ROSHOLT Area: Can be accessed from Hwy 10 at Amherst Jct. Head north on Hwy 161-Cty Hwy Q to Nelsonville. You may want to visit the Rising Star Mill there. Continue on 161-Q for about a mile. Leave 161 to follow Q when it bears left and follow it for two miles as it winds to the west Note the stony field on the right and then turn right on Hillside Rd which winds north and west to merge with Cty Hwy I. As you travel north on I, on your left is some of the land of the homestead of the first Polish settler, Michael V. Koziczkowski, who came to the area in 1857.
At 1396 Cty I, on the corner of Hillcrest Rd and I, hidden in the trees on the front yard of another familiar red brick house, is one of the few crucifixes still standing in this area. Older residents say that in earlier times, most intersections had a crucifix.
Continue on I as it winds east and north to its intersection with Cty Hwy Z. As you approach the intersection, you will see a shrine on the northwest corner. Another shrine, not as well tended, is located about a mile away on Cty Hwy OO. Follow I to the north and turn right on OO - the shrine is on the left surrounded by shrubbery. Also notice the huge rocks which have been moved from the fields to fencerows. What a challenge to have had to work the land around them.
Follow OO eastward for 1 mile and then turn left on Hamilton Rd. Follow it for 1.2 miles as it winds north and east to St. Adalbert Rd. Turn left and Adalbert’s Church, you will find a cross on your right nestled in lilac bushes at 3149 St Adalbert Rd and just past the church, also on the right at 3379, stands a very tall white cross next to the driveway.
There is a shrine located on the corner of the church grounds. This parish, organized in 1898, is also a daughter parish of Sacred Heart. The present church was built in 1935.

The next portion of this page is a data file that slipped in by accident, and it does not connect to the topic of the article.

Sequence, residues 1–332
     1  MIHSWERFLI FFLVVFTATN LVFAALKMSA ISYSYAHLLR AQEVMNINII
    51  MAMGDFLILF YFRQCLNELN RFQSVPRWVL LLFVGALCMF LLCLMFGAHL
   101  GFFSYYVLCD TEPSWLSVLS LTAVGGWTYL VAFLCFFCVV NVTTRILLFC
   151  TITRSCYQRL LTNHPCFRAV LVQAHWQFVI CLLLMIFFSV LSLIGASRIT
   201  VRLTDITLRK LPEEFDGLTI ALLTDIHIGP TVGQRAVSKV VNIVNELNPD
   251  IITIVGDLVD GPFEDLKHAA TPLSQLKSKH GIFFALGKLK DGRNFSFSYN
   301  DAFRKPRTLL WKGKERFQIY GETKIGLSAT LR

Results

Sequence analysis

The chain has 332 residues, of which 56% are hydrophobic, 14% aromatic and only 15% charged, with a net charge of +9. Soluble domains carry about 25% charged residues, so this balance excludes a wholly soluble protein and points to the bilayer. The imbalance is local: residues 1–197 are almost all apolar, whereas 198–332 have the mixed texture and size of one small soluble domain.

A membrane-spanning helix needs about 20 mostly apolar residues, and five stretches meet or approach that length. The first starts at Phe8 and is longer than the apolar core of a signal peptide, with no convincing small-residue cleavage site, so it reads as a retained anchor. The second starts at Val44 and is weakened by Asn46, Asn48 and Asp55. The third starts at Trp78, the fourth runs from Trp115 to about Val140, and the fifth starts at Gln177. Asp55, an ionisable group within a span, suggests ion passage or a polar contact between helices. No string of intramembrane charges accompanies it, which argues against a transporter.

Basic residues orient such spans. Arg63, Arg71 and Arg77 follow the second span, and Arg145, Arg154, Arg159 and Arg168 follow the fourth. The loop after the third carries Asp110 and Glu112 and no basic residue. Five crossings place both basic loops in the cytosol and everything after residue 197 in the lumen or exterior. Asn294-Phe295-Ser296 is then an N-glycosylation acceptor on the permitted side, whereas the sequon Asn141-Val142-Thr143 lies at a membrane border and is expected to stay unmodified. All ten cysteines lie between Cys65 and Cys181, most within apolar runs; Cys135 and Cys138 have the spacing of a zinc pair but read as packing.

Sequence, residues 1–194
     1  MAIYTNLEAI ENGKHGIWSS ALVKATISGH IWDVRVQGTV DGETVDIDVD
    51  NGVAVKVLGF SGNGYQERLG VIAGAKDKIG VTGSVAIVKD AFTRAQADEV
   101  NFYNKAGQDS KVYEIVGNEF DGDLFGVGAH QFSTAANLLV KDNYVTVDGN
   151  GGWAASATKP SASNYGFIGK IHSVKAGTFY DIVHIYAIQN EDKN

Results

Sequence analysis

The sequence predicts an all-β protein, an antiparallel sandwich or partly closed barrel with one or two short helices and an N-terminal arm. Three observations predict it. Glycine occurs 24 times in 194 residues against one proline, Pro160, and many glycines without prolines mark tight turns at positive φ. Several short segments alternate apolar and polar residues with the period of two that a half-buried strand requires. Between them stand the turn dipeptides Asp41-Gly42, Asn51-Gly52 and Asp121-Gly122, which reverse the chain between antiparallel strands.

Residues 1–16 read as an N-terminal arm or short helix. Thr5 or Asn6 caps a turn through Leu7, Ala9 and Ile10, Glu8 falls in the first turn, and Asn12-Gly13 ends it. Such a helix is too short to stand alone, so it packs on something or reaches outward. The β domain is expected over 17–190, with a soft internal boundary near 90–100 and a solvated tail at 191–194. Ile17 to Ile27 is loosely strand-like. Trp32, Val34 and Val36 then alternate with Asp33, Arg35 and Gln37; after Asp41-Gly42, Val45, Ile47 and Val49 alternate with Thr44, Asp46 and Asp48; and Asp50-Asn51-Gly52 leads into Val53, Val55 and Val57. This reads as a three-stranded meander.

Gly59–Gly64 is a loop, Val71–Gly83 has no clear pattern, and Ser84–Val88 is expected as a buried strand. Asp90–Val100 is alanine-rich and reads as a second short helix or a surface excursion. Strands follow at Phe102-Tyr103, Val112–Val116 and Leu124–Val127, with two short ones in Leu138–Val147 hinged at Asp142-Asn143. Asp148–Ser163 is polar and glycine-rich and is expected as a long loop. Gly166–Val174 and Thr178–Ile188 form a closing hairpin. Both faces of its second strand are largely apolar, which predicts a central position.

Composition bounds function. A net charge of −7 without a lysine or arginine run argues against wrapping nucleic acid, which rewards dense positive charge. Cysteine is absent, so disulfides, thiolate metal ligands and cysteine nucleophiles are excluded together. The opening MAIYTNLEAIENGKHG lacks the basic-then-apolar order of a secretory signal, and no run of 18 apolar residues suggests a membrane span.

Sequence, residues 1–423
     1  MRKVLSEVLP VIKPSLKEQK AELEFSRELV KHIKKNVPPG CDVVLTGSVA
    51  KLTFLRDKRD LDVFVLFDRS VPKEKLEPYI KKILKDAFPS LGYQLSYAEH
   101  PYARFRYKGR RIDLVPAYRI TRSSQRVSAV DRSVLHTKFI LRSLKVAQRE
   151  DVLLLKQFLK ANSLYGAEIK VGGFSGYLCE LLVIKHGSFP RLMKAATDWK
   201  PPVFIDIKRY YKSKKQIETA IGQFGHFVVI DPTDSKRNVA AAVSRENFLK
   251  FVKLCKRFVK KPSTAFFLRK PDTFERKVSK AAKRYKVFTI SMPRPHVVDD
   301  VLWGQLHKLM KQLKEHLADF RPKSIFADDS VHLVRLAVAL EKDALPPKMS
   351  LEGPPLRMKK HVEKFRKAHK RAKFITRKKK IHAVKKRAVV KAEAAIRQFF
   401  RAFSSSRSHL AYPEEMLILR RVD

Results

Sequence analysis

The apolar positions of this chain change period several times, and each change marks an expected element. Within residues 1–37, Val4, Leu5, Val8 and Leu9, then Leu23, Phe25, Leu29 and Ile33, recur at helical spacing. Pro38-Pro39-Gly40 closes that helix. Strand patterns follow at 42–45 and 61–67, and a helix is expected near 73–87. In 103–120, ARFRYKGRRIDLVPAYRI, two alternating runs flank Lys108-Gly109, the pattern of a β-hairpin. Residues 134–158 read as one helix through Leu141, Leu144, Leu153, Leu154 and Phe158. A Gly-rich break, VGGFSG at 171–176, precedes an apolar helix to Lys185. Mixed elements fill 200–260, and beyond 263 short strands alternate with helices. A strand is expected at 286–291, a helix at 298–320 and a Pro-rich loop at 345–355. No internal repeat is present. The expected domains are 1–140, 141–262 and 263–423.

Pioneer Park, located at the Rosholt fair grounds, contains the log house of early Polish settlers, John and Antonina (Krefta) Glodowski.
Lake Helen and Collins Lake have park facilities.
Start your tour of the city with the famous Market Square where Polish farmers and their wives brought their produce and animals to market. The Square and the Main Street are on the National Register of Historic Places. Several of the buildings bear the names of their Polish owners. Gateway to the Pineries is an excellent guide to architecturally interesting and historic Stevens Point.
Located just off the square is a bakery which has several freshly baked Polish pastries each day. A coffeepot is kept brewing.
Travel north on N 2nd St to St. Peter’s Catholic Church, established in 1876, in what was the Polish fourth ward of the city. The present church was constructed in 1897, and is the oldest Polish church building in the county. Notice the Lasecki building across the street.
The first Polish families to live in the city moved there from the Polonia area in about 1860.
Continue north on North 2nd and turn right on Maria Dr. At the T-intersection with Union St, notice the beautiful grounds on the left. Located here is the original Mother House of the Sisters of St. Joseph, Third Order of St. Francis of Assisi, an order of nuns initially established for young women of Polish heritage in 1901. This order has staffed many parochial elementary and secondary schools though out the Midwest. Several hospitals were also administered by these nuns.
Continue on Maria Dr to Schmeekle Reserve on the UW-Stevens Point campus. On nearby Fremont St, is St. Stanislaus Church established in 1913, to accommodate the growing population in that area.
At the triangle corner of Hwy 10 and Soo Marie Ave, is McGlachlin Park containing a bust of Count Casimir Pulaski—the young Polish soldier who valued freedom so much that he left his partitioned nation to come to America to fight in the Revolutionary War against the British. He was fatally wounded at the battle of Savannah in 1779.
The Synagogue Museum, under the direction of the Portage County Historical Society, located at 1475 Water St, has summer visiting hours.
Further down on Water St is the location of the well-known Point Brewery. Also further out on the south side, just off Bus 51 on McDill Pond, is Koziczkowski Park dedicated to the first Polish settler in this area.
Stevens Point is also home to one of few Polish language newspapers printed in the U.S., Gwiazda Polarna. and now, GP Light, in the English language. Their office at 2619 Post Rd (So Bus 51) has a supply of publications concerned with a variety of Polish subjects.